Proximal Hip Fracture Open Reduction/Internal Fixation and Rehabilitation

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Proximal Hip Fracture

Open Reduction/Internal Fixation and Rehabilitation

Surgical indications and Considerations

Anatomical Considerations: The hip is a ball and socket joint with the femoral head aligned

towards the pelvic acetabulum. Stability of this joint is achieved by the surrounding ligaments and musculature that attach the pelvis to the femur. The medial and lateral femoral circumflex arteries supply the femoral neck and head with a majority of its blood supply. Fractures of the femoral head pose a threat to the vascular supply of this structure. However, displaced fracture of the femoral neck can occur with no disruption to the blood supply.

Pathogenesis: Femoral neck fractures occur more often in the elderly population secondary to a

fall or twisting injury. It is estimated that femoral neck fractures account for approximately one half of the hip fractures in the elderly. These fractures also have a higher incidence in women possibly secondary to osteoporosis being the most significant contributing factor in this type of injury. Femoral neck fractures in the young population (usually in their third or fourth decade) are primarily a result of a high impact, high energy trauma.

Epidemiology: Contributing factors that increase the risk of sustaining a proximal hip fracture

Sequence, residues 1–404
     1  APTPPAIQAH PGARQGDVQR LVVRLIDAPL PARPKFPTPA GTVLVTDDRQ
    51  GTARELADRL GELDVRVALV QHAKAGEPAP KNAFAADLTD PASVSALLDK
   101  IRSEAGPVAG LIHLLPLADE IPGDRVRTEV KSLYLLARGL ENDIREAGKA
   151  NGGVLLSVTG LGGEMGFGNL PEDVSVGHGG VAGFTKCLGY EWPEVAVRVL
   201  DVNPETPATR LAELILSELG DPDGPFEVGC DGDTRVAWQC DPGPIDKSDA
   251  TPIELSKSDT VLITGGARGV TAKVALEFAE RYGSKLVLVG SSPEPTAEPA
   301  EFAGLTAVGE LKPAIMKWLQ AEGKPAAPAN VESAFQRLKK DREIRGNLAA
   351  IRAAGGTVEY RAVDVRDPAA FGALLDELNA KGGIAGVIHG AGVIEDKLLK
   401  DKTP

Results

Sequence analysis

include, osteoporosis, malnutrition, decreased physical activity, impaired vision, neurological diseases, poor balance, altered reflexes, and muscle atrophy. The number of hip fractures in the United States has doubled from the mid-1960s through the 1980s with 250,000 cases per year. By 2005 it is expected that this number will triple secondary to the increasing number of geriatric patients.

Fractures of the proximal femur are classified by anatomical location. The most common types are:

Femoral neck fracture Intertrochanteric fracture

Subtrochanteric fracture (typically seen in younger patients secondary to traumatic injuries -

accounting for less than 5 percent of cases in elderly patients)

Diagnosis:Diagnosis of hip fracture is often uncomplicated, especially when the bone fragments are displaced

• Radiographs should be ordered for any elderly patient who complains of even mild hip pain after a fall.

Note: Nondisplaced femoral neck fractures and fractures of just the acetabulum might not be visible on plain films so further test such as a bone scan or an MRI may be required.

• Exquisite pain upon weight bearing